Things That Used to Work, Vol. 1

…but don’t work anymore.

Many of the items on this list were inspired by my recent completion of The Witcher, although my (d)evolved sensibilities have been been growing this way for the past several years. Let’s get started:

Multiple Endings

Why It Used to Work: Replayability, simulates your decisions as being meaningful.

Why It Doesn’t Work Anymore: I am not likely to play ANY game more than once anymore (few people even finish the first time), and if I do, it will only be because the underlying gameplay was fun – in which case a different possible ending is at most a cherry to the already-frosted cake. Also, this could just be a personal thing, but whenever I am working on a game with multiple endings, my choices actually feel less meaningful rather than more, for two reasons.

The first reason is that nagging feeling whenever I reach a path-branching decision that one of the two options will be more fun than the other, and I will be stuck with the less-fun one. In The Witcher, it was choosing between Order, the nonhumans, or the neutral path. In Fallout: New Vegas, it was choosing between NCR, Caesar’s Legion, or your own way. The tenor and tone of each faction has their own charm, and in setting up a mutually exclusive decision, I am made responsible for picking the shittier option.

Even if I do replay the game, I am double-screwed. If the 2nd path ended up being better, I feel gypped that I didn’t pick it the first time. If the 2nd path ends up being worse, I am stuck playing a shittier game.

The second reason my choices actually feel less meaningful is that they typically are. No matter what side you pick in The Witcher, the final hours of the game are the same (same location, differently textured enemies). No matter what side you pick in Fallout: New Vegas, you are still battling on Hoover Dam. Different dialog from different NPCs is meaningfully different (enough that I feel like I’m losing something by not experiencing it), sure, but a lot of times it feels like Mad Lib storylines where they just switch around the Proper Nouns in the plot blanks. The last RPG I played with actual, game-changing decisions was Tactics Ogre way back on the PS1.

No Quest Hubs

Why It Used to Work: No one had really thought of it, Kaplan talks about how “the Christmas Tree effect” can leads to poor pacing and less engagement in any individual quest, it is more of a metagame issue.

Why It Doesn’t Work Anymore: I hate revisiting areas I know haven’t changed in any meaningful way. The Witcher does have a Notice Board which acts like a Fetch Quest Hub of sorts, but when I talk about Quest Hubs I mean the principle of being able to completely “finish” a particular zone at your own pace and move on. If a quest sends me to the fields to kill something, return to the city, then sends me back out into the fields to kill something else, my immediate reaction is “Time Sink!”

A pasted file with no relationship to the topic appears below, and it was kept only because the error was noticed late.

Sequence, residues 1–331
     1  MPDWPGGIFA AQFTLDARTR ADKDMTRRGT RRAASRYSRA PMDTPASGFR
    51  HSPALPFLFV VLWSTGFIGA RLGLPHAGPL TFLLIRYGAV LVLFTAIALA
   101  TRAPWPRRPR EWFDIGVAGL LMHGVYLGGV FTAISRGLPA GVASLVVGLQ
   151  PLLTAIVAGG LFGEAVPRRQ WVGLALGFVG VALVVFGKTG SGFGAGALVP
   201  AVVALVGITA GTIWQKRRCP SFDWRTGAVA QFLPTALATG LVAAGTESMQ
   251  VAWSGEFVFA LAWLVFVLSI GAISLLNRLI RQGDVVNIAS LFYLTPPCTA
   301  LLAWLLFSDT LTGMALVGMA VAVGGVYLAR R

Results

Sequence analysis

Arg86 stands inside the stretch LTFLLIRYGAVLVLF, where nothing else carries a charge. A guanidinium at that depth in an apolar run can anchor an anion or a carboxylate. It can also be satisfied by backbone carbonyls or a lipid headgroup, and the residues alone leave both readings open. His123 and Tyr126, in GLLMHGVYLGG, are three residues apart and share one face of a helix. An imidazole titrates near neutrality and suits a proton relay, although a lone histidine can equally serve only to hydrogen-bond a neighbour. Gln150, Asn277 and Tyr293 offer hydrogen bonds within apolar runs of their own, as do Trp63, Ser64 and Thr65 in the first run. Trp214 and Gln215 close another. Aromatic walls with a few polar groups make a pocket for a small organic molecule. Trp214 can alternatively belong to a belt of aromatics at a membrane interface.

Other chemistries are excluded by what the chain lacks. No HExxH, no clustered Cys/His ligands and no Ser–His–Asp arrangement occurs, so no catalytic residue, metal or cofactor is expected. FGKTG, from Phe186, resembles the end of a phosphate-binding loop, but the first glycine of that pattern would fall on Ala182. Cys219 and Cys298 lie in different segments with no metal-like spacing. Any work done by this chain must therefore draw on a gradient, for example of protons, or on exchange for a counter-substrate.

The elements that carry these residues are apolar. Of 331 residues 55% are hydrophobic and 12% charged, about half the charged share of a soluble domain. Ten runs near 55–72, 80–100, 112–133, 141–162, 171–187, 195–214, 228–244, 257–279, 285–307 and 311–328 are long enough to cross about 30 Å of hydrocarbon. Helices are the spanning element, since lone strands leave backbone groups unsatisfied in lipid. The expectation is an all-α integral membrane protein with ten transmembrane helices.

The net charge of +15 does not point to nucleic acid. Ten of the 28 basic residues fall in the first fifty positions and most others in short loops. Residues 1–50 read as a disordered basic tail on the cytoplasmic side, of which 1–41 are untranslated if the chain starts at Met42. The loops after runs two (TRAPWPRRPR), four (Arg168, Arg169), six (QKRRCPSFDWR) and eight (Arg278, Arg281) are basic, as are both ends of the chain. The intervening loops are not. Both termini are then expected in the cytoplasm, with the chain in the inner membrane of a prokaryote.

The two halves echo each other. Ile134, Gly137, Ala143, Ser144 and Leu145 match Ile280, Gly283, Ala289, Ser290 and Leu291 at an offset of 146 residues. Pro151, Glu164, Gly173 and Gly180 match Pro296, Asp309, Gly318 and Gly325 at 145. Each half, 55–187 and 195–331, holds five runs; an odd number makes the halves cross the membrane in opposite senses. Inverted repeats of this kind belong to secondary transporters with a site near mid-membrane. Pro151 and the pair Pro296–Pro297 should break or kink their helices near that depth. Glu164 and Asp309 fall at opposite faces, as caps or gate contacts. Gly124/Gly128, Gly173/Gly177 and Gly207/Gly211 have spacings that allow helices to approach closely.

The term “boomerang quest” is an example of this principle, but it is slightly more than that. If I had to sum it up in a single way, it would perhaps be “inefficient questing.” Don’t send me on quests to kill the cave spiders, then a follow-up to kill the poison cave spiders deeper in, culminating in a quest to kill the spider queen in the deepest parts of the cave, without giving me all three quests first. Let me multitask! Whatever Wal-Mart has done wrong in crowding out smaller businesses and being jank-central, being able to make one trip and pick up milk, light bulbs, and spark plugs in a single trip is of immense value, lower prices notwithstanding.

Blind Choices (and/or Rewards)

Why It Used to Work: Puts a focus on the decision itself, more immersive/less metagame, perhaps enhances replayability through obfuscation.

Why It Doesn’t Work Anymore: Thank you, great hero! Please choose your reward:

  1. A book about vampires.
  2. Your very own hut.
  3. Wreath of immortelles.

Err… what? Perhaps I am simply too far down the metagame hole at this point, but how can anyone consider a choice with unknown consequences as meaningful? I mean, fine, all decisions and choices we make technically have unforseen consequences. But these game designers are literally giving you nonsense to choose between on top of said unforseen consequences. I don’t consider the choice between door #1 and door #2 to be meaningful at all – I may as well flip a coin or roll a die for as much thinking as it requires.

The above is an actual choice that The Witcher presents you with, and it is not the first nonsese choice. I picked the wreath de immortalies due to the time-honored tradition of game designers making the most useless-seeming items the most radically powerful. Plus, I figured that my own hut wouldn’t be very important to gameplay if I could choose not to have one, and I was likely leaving the area soon besides. Turns out the wreath let me complete an upcoming story quest faster than normal. Woo… hoo?